It is entirely possible that some of you have not read Victor Hugo’s book, The Hunchback of Notre Dame. In French it is called simply Notre-Dame de Paris. I darn near killed my brain one summer reading it in French. I had read some Hugo in French before but this one… much harder. I digress. You don’t know the thing if you have only seen a movie, or to put it another way, “It don’t mean a thing, if you ain’t got that swing.” Read the book.
Since it is the ultimate nickname Sunday, we might just pause to remind people that today is called “Quasimodo” Sunday from the first word of the Introit.
As I have written here before the Introit is from 1 Peter 2:2-3 which says:
“Like (Quasimodo – from a Latin Scripture translation that pre-dated the Vulgate by St Jerome) newborn babes (infantes), long for the pure spiritual milk, that by it you may grow up to salvation; for you have tasted the kindness of the Lord.”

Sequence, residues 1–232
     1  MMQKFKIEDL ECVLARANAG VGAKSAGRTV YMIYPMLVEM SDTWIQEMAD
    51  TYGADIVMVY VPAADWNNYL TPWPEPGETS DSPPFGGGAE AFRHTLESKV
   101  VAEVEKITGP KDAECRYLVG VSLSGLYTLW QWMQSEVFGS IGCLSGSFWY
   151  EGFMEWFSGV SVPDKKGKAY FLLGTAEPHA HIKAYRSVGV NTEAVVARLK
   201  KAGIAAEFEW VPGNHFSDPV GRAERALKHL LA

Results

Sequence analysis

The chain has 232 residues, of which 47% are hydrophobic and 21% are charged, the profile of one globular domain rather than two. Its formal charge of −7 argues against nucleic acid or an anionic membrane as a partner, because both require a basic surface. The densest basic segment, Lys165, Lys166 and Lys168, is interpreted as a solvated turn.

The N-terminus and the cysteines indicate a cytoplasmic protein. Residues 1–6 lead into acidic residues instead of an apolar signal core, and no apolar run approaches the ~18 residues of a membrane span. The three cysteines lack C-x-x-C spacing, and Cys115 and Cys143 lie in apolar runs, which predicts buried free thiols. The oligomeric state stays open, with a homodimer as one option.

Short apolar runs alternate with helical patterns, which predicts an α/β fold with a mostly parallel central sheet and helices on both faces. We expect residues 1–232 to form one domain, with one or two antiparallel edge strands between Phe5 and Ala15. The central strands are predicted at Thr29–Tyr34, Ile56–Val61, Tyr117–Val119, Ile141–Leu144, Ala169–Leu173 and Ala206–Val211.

The Victor Hugo character, poor Quasimodo, born with various defects, was abandoned as an infant in Notre Dame on this very Sunday… “Quasimodo” Sunday. He is raised by the Archdeacon of Notre Dame who makes him the bell-ringer of the Cathedral… which makes poor Q deaf. You may remember that the cathedral just had its bells renewed. I wrote about that HERE.
Poor Quasimodo. His name, with the “quasi… almost”, indicates that he is only nearly human in the context of the society in which he was called by God to live. But he utters some of the most human things, shows moments of the most poignant human agony ever penned. Who in reading the book will forget his first, great, burning tear? ”Alors, dans cet œil jusque-là si sec et si brûlé, on vit rouler une grosse larme qui tomba lentement le long de ce visage difforme et longtemps contracté par le désespoir. C’était la première peut-être que l’infortuné eût jamais versée.” His cries of “ASILE!”? His pathetic, “Le hibou n’entre pas dans le nid de l’alouette.”
Are not we all at some time he?